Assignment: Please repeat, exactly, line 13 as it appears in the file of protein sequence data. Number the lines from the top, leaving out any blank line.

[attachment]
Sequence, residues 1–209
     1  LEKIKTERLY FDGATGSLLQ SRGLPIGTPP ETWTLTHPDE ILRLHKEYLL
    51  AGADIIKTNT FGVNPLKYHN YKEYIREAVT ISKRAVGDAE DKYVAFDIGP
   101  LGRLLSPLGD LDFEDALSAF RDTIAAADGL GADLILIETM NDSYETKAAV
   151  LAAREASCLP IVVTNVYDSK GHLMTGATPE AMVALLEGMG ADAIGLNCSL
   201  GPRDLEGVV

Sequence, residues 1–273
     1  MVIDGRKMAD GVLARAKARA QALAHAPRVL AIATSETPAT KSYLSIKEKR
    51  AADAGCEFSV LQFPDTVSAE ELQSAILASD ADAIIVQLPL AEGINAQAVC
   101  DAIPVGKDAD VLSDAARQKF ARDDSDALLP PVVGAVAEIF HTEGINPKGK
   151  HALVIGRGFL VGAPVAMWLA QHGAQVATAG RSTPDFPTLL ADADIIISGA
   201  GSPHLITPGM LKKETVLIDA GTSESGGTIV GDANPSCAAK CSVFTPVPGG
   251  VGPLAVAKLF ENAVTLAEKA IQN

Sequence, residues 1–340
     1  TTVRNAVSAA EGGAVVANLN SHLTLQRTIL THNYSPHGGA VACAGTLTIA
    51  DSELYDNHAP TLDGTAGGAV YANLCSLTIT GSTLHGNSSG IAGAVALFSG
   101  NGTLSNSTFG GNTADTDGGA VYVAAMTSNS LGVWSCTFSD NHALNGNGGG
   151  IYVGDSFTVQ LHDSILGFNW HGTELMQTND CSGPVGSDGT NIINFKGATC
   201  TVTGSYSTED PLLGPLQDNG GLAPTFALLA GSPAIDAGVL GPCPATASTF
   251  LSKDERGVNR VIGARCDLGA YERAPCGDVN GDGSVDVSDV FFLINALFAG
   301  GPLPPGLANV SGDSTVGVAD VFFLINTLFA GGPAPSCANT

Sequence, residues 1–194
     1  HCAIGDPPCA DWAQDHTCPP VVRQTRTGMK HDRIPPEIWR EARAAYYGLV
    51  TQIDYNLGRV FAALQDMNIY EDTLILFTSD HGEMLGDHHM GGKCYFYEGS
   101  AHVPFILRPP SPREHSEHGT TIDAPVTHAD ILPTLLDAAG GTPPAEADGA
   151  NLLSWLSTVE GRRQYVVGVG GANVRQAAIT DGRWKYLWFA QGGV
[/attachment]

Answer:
   251  VGPLAVAKLF ENAVTLAEKA IQN